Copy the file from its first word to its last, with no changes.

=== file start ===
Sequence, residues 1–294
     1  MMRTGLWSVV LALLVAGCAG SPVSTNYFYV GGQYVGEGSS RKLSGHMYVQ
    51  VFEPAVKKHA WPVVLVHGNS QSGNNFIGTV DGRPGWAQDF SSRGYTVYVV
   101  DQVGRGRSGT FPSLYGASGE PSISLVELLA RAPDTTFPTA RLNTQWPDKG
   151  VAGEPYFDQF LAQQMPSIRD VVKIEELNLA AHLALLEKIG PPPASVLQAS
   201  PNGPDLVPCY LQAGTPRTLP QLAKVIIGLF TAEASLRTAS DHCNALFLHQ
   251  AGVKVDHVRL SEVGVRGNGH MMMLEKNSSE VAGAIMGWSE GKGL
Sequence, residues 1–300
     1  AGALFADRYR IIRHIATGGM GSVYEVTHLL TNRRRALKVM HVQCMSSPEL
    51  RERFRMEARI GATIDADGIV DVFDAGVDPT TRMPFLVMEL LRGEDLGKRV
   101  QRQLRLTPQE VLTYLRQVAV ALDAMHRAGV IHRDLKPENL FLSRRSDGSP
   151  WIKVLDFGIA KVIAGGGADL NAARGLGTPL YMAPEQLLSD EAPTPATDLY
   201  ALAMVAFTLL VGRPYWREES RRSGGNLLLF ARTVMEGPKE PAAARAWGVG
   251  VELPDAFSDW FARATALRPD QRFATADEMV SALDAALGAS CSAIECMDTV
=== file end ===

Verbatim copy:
Sequence, residues 1–294
     1  MMRTGLWSVV LALLVAGCAG SPVSTNYFYV GGQYVGEGSS RKLSGHMYVQ
    51  VFEPAVKKHA WPVVLVHGNS QSGNNFIGTV DGRPGWAQDF SSRGYTVYVV
   101  DQVGRGRSGT FPSLYGASGE PSISLVELLA RAPDTTFPTA RLNTQWPDKG
   151  VAGEPYFDQF LAQQMPSIRD VVKIEELNLA AHLALLEKIG PPPASVLQAS
   201  PNGPDLVPCY LQAGTPRTLP QLAKVIIGLF TAEASLRTAS DHCNALFLHQ
   251  AGVKVDHVRL SEVGVRGNGH MMMLEKNSSE VAGAIMGWSE GKGL
Sequence, residues 1–300
     1  AGALFADRYR IIRHIATGGM GSVYEVTHLL TNRRRALKVM HVQCMSSPEL
    51  RERFRMEARI GATIDADGIV DVFDAGVDPT TRMPFLVMEL LRGEDLGKRV
   101  QRQLRLTPQE VLTYLRQVAV ALDAMHRAGV IHRDLKPENL FLSRRSDGSP
   151  WIKVLDFGIA KVIAGGGADL NAARGLGTPL YMAPEQLLSD EAPTPATDLY
   201  ALAMVAFTLL VGRPYWREES RRSGGNLLLF ARTVMEGPKE PAAARAWGVG
   251  VELPDAFSDW FARATALRPD QRFATADEMV SALDAALGAS CSAIECMDTV